Emergency services hub mooted for city

Dunedin's St John building, in York Pl, will be partially closed for 12 months while earthquake...
Dunedin's St John building, in York Pl, will be partially closed for 12 months while earthquake strengthening is completed. The ambulance station will remain at the site.
The partial closure of Dunedin's St John office - and questions about the state of the Dunedin Central Fire Station - has prompted a call to investigate creating an emergency services hub for the city.

St John has confirmed its York Pl offices will be closed to allow earthquake strengthening work to be completed during the next 12 months.

Sixteen staff will relocate to a George St building. The ambulance station will remain at the York Pl site because it is not affected by the change.

St John South Island customer and services manager Christine Prince said the service was reviewing the safety of all of its buildings, which was "of critical importance".

"Our philosophy is to be ready for the future, whatever that might hold."

While the budget for the earthquake strengthening and renewing the Dunedin building was not available, "we do recognise the historical importance in that building".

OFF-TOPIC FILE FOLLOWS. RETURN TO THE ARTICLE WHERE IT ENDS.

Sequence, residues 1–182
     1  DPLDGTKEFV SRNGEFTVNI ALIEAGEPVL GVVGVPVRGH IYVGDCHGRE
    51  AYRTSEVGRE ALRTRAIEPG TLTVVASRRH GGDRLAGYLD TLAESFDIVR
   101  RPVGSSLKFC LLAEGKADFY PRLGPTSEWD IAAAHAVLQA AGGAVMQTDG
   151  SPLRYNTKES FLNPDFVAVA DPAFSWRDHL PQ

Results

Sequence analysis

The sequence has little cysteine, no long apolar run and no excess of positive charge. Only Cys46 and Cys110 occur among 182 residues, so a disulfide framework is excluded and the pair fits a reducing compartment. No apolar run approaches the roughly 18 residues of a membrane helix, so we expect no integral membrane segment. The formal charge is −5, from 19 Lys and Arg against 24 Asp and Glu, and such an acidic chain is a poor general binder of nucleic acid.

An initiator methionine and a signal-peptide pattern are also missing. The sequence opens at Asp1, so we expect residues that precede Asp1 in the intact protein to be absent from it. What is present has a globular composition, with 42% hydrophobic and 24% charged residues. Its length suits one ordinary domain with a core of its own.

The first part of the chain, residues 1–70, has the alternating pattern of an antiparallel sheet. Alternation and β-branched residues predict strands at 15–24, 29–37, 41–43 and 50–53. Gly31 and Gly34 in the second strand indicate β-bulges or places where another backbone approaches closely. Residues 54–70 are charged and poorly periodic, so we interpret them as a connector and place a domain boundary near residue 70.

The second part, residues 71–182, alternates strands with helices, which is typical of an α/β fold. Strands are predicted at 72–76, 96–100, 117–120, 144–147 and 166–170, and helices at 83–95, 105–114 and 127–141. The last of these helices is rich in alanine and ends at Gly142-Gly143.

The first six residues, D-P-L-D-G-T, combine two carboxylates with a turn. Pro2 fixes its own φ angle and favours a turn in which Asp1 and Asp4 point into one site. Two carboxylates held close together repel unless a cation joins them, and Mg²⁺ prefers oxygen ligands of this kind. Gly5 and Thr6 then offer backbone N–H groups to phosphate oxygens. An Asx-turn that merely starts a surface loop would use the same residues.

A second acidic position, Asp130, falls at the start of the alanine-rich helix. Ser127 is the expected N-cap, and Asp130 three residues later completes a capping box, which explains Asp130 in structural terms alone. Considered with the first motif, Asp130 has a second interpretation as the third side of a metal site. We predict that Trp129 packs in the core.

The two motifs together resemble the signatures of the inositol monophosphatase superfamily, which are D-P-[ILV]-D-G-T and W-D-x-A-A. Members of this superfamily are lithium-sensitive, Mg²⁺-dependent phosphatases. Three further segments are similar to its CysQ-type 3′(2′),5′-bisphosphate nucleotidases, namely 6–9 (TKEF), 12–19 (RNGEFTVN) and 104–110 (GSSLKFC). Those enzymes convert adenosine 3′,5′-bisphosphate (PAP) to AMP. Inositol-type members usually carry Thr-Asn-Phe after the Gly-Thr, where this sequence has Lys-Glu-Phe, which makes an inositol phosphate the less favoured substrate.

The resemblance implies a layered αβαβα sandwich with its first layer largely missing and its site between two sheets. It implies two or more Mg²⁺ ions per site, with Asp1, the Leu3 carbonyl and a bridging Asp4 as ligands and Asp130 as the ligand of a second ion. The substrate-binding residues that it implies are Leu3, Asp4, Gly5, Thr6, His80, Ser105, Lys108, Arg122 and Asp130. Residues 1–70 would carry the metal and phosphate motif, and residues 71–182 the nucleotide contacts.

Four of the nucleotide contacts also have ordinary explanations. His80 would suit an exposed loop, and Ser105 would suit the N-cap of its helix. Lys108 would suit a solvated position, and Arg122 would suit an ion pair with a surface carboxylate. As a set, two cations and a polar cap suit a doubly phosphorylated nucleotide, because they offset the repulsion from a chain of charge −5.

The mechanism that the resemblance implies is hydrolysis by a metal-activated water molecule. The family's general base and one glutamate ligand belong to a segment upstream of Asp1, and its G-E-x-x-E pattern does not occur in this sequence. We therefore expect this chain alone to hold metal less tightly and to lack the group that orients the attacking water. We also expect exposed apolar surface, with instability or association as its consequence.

There had been no discussions to create a centralised hub with other emergency services in Dunedin and "there is no indication that we wouldn't return to the building".

But Fire Service Southern region manager Stu Rooney told the Otago Daily Times he planned to talk to St John and other "sister agencies to find out whether doing something together is a far better use of public and/or private funds".

The Christchurch earthquake had not only raised issues surrounding the safety of some buildings, but also the possibility of emergency and social services working from a hub.

He was keeping a close watch on how decisions made by the Canterbury Earthquake Recovery Authority, in association with the Fire Service, would affect the Southern region.

"That is now starting to shape and steer which way our thinking needs to go."

It was imperative emergency services were able to function in the case of disaster, and the possibility of sharing a centralised building that was earthquake strengthened was one possible option.

There were three Fire Service buildings in the Southern region that had not met current earthquake strengthening; the Winton volunteer station, the parapet at Ohai, and - "by far the biggest" - the Dunedin Central Fire Station.

There was no need to make a final decision over the future of the fire station "but we do have a pressing organisational decision-making process to proceed with".

New Zealand Police national property manager Andrew MacArthur said police were working with local authorities to identify buildings which had a potential seismic risk, and the safety of those using each building was paramount.

"The safety of our staff and public using these buildings is an absolute priority and an exercise is under way to gather information on what, if any, seismic risk these buildings may pose."

There was no expectation any of the 374 operational police stations nationwide would close due to seismic risk, he said.



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